A deflating currency can lead to a devastating downward spiral for an afflicted economy.
As economies in the European Union continue to sputter following a weak recovery from the financial crisis, economists are increasingly warning the public about the dangers of deflation.
But why exactly is deflation considered dangerous?
Most consumers are familiar with inflation, which causes prices to rise every year. This happens because the amount of money circulating in the economy increases, making each dollar worth less.
Deflation, on the other hand, is basically the opposite. Less money in the economy means that each dollar is worth more, and prices drop.
And while that may sound like a good thing for consumers, it can have severe consequences for the wider economy.
The Deflationary Spiral
When money becomes worth more over time, hoarding cash actually becomes an investment strategy.
This means that consumers become more reluctant to spend, because they know that a dollar today will be worth more tomorrow.
And as consumption decreases, businesses lose revenue, and are forced to reduce wages and let go of workers.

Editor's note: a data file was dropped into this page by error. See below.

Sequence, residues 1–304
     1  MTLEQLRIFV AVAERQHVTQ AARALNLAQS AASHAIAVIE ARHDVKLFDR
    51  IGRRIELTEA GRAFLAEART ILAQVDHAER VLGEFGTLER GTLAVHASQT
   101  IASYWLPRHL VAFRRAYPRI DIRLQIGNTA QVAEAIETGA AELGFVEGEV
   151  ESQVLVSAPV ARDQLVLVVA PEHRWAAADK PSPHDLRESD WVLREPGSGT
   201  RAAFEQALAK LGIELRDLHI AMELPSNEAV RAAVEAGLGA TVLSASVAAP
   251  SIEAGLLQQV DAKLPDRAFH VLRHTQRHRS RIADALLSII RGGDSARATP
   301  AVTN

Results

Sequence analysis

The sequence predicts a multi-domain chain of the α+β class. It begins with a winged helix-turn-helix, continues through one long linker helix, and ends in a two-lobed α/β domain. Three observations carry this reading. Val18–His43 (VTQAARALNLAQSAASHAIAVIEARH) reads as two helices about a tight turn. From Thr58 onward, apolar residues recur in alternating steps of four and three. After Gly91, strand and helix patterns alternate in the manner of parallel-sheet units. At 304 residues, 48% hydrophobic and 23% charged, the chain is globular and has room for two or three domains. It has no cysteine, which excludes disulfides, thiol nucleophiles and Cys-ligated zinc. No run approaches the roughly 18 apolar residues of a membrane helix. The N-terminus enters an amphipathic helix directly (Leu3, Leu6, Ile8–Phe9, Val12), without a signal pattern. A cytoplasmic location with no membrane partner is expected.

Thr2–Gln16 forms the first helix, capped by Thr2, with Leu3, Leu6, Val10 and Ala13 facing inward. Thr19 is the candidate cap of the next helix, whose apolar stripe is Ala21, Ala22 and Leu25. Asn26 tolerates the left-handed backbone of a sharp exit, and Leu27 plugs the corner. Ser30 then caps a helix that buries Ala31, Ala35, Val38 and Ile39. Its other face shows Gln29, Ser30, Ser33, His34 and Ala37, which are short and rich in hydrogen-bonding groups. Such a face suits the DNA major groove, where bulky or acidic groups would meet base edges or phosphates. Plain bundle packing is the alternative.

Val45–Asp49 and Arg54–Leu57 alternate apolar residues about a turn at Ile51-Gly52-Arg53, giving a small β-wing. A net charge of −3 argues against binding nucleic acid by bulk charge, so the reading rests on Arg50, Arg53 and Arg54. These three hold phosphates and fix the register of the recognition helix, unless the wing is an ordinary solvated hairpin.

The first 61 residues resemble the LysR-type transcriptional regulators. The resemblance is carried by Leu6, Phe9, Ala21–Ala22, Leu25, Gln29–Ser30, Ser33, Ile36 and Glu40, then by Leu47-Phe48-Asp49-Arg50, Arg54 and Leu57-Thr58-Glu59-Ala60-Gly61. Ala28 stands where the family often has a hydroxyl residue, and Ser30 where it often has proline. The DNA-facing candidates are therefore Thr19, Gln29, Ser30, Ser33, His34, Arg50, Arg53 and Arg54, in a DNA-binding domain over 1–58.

In turn, consumer demand is reduced even more, and prices drop further.
This is called a deflationary spiral, and is considered by economists to be a vicious cycle that is very hard to stop.
Image courtesy of the Federal Reserve Bank of San Francisco.
The Great Deflation
One of the most striking examples of deflation was the Great Depression, where a deflating currency made the economic situation even worse for millions of people.
Between 1929 and 1933, the Consumer Price Index – which measures the effects of inflation – fell by more than 25%, as the above chart shows.
And while this meant that each dollar could buy more, it led to a collapse in demand and subsequently massive unemployment as businesses shuttered.
Another example is Japan’s lost decade in the ‘90s, where persistent deflation contributed to a decade of tepid economic growth.
No one is entirely sure how to prevent deflation or reverse its course once it’s started, as in Japan’s case.
However, in the last decade politicians and central bankers around the world have been taking large-scale measures that would seem to promote inflation, rather than deflation.
The Federal Reserve’s quantitative easing program, for instance, injected hundreds of billions into the economy, increasing inflation. Japan has recently embarked on a similar program, while the European Central Bank is mulling its own version.